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Biologie du Développement de Villefranche-sur-Mer

Développement de la polarité embryonaire

Development of embryo polarity

Maternal polarity determinants in cnidarians

 

It has been shown in various cnidarian species including Clytia (Phialidium) gregarium that the animal pole of the egg is fated to become the gastrulation site and later the oral (= posterior) pole of the larva.

Experiments on the hydrozoan Podocoryne carnea provided good evidence that maternal "determinants" localised in the animal hemisphere direct the development of oral fates, incuding endoderm. (Momose & Schmid, 2006). Thus vegetal halves isolated at the 8-cell stage fail to gastrulate or to show any oral-aboral polarity. Similar results have been obtained in the anthozoan Nematostella (Lee et al 2007;  Fritzenwanker et al; 2007).  In Clytia, a different result is obtained: Animal and vegetal embryo halves both develop normally (eg Freeman 1981a; 2005). This difference could reflect a broader distribution of determinants and/ or a greater regulative capacity in embryos from this species

 

A key role for Wnt/beta-catenin signaling

 

 

 

 In both the Nematostella (Wikramanayake et al; 2003) and in Clytia (Momose and Houliston, 2007 (1 MB)), the first detectable polarity in the embryo is  activation of Wnt/beta-catenin signalling on one side of the embryo.
This can be visualised as the stabilisation of the transcriptional co-regulator beta-catenin.
In Clytia, this regionalised Wnt pathway activation is driven by three Wnt pathway regulators produced from maternal mRNAs localized differentially along the animal-vegetal egg axis: two Frizzled family Wnt receptors, and one Wnt ligand (Momose and Houliston, 2007  PDF (1010 KB)Momose et al, 2008  PDF (3 MB)).

 

                                                           

 

Testing the function of each of the these three RNAs by injecting Morpholino antisense oligonucleotide into eggs before fertilisation showed that Fz1 and Wnt 3 both activate the canonical Wnt pathway and promote the development of oral fates including Brachyury expression and gastrulation. Conversely the second receptor,  Fz3, localized on the vegetal side acts to suppress Wnt pathway activation.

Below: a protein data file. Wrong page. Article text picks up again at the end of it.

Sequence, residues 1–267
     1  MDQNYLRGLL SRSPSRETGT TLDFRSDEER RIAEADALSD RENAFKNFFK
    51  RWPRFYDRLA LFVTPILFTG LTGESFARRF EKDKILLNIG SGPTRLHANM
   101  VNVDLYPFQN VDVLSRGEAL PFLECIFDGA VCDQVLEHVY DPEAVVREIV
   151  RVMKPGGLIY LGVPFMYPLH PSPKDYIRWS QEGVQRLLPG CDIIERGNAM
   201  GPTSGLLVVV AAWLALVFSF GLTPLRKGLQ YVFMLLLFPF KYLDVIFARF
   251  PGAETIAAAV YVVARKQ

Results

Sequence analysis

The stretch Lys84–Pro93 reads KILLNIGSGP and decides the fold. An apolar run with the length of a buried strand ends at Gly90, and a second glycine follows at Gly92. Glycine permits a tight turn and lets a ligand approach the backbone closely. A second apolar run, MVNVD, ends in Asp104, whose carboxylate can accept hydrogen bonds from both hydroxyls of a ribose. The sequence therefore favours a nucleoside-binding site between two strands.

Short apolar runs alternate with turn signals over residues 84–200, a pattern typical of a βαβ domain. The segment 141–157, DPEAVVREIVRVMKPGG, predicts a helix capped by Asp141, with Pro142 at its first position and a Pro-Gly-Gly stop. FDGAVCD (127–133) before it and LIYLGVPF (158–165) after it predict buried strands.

Our current model for polarity development in Clytia is that Wnt pathway activation is initially restricted by Fz1 acting animally and Fz3 acting vegetally, both receptors being translated from localised maternal RNAs. The ligand Wnt3 is required upstream of Fz1, but is not sufiicient to cause ectopic Wnt pathway activation.
A second 'regulatory' phase of patterning occurs once zygotic gene expression starts during the blastula stage. This involves reciprocal negative feedback between Fz1 and Fz3, and is dependent on Wnt3.

 

 

 

 

Contribution of Fz-PCP signaling to embryo polarity

Planar Cell Polarity (PCP) is the alignment of cells across plane of a tissue sheet. It is classically mediated by transmembrane complexes on opposite sides of the cell, comprising Fz+Disheveled on one side and Strabismus/VanGogh+Prickle on the other. These complexes interact extracellularly to mediate their differential localisation. This so-called “Fz-PCP pathway” (see Lapébie et al. 2011) underlies many vital PCP phenomena including alignment of hairs, bristles and feathers in vertebrate epidermal and tracheal epithelia, of ommatidia in insect eyes and hair cells in the mammalian inner ear, as well as in the dynamics of mesenchymal cells sheets which drive vertebrate embryo elongation during gastrulation. In the Clytia larva each ectodermal cell bears a cilium, and PCP is responsible for their coordinated beating direction to cause directional swimming with the aboral pole in front?

In Clytia, PCP is detectable first in ectodermal cells during gastrulation as coordinated basal body positioning. At later stages more pronounced structural polarity develops around the base of each cilium in relation to cilia beating direction, including a characteristic asymmetric cortical actin organisation. We have shown that   the core PCP protein Strabismus (Stbm) plays a conserved role for tissue polarity coordination during development of the larval ectoderm (Momose et al 2012).

 

 

 

 

 

 

Evelyn Houliston - 25/09/17

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